The reports of war crimes during and after Flash were relatively scarce, and conduct of Croatian military and police was generally professional[citation needed]. Nevertheless the U.N. Secretary General's Personal Representative, Yasushi Akashi said that "massive" human right abuses have taken place during the offensive,[citation needed] though a subsequent and in-depth Human Rights Watch investigation showed there were only isolated incidents and criticized the Secretary General for his preemature and counterproductive statement.[3]

Reprisals against POWs or Serb civilians did, however, happen. The Croatian Government's Commission on missing and captured persons composed a list of 168 fatalities together with places of burial, of which 79 bodies were identified. A Croatian Helsinki Committee report from 2003 noted a total of 83 civilians murdered by the Croatian forces, of which 30 in the attacks on refugee columns and 53 in their homes.[5]

The Serbian Veritas NGO reported that "283 people were either killed or went missing, 57 of them women and nine children. The Croats buried 168 Serbs, mostly listing them as "unidentified", and those bodies have to date not been exhumed and identified".[5]

The Association of Refugee Organizations of Serbs from Croatia is based in Belgrade, headed by one Milojko Budimir, and they yearly commemorate the event and attend church services for the victims of Operation Flash. Their stance is that no one has been held accountable for the crimes committed against the Serbs, "neither in front of the Hague Tribunal, nor in front of the domestic courts".[5]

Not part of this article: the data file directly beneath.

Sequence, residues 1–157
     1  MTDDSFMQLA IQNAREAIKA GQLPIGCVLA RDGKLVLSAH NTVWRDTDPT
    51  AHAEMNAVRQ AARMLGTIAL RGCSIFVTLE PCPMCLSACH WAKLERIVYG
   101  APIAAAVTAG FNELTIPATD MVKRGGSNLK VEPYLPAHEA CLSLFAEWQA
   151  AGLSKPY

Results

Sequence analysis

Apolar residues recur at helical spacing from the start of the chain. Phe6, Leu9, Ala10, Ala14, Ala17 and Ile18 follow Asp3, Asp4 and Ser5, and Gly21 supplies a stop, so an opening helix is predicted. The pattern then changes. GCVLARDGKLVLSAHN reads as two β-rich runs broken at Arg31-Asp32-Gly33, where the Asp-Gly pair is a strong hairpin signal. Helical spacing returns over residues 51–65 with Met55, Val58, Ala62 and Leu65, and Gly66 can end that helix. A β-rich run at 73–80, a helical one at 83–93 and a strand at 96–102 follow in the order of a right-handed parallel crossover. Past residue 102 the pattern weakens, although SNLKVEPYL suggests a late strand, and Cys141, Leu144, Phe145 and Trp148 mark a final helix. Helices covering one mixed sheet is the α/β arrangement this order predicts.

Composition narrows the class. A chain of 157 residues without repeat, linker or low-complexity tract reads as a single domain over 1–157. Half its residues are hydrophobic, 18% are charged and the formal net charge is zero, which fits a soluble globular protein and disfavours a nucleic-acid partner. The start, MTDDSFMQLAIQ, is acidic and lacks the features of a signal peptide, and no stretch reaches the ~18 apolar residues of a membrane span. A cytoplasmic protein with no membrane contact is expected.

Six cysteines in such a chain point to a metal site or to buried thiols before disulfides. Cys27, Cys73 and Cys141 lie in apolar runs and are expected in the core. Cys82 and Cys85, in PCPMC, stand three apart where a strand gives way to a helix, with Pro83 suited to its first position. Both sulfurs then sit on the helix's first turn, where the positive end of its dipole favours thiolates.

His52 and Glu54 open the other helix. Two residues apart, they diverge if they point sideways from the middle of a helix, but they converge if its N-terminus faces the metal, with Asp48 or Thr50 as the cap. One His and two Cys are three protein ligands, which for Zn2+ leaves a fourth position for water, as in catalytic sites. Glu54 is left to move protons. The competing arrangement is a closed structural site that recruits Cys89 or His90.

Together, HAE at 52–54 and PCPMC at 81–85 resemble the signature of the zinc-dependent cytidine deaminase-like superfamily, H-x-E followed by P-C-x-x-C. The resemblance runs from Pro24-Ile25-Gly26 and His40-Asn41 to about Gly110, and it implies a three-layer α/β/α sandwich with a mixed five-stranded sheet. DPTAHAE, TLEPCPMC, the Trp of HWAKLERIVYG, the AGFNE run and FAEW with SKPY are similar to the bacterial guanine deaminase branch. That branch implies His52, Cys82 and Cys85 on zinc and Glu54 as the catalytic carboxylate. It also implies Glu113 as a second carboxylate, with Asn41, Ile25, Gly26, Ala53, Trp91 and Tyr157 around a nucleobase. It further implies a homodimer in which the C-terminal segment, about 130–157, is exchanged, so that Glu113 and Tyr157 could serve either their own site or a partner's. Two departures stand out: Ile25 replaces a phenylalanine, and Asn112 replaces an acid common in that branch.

1. ^ Croatia. Microsoft Encarta Online Encyclopedia. Accessed 17 August 2009. Archived 2009-11-01.
  2. ^ a b Thomas, Nigel; Mikulan, Krunoslav; Pavlović, Darko (2006). The Yugoslav Wars (1): Slovenia & Croatia, 1991–95. p. 55. Osprey Publishing. ISBN 1841769630.
  3. ^ a b c Human Rights Watch/Helsinki - The Croatian Army Offensive in Western Slavonia and It's Aftermath; July 1995.[1]
  4. ^ a b c d "Anniversary of Croatian attack on Serbs". B92. 2008-05-01. http://www.b92.net/eng/news/crimes-article.php?yyyy=2008&mm=05&dd=01&nav_id=49882. Retrieved 2010-10-22. 
  5. ^ a b c d e "Anniversary of Croatia's "Flash" onslaught". Beta press. B92. 2009-05-01. http://www.b92.net/eng/news/crimes-article.php?yyyy=2009&mm=05&dd=01&nav_id=58861. Retrieved 2010-10-22. 
  6. ^ (Croatian) War in Croatia 1991-95, Part II[dead link]
  7. ^ a b Page 31288. International Criminal Tribunal for the former Yugoslavia. Accessed 17 August 2009.

External links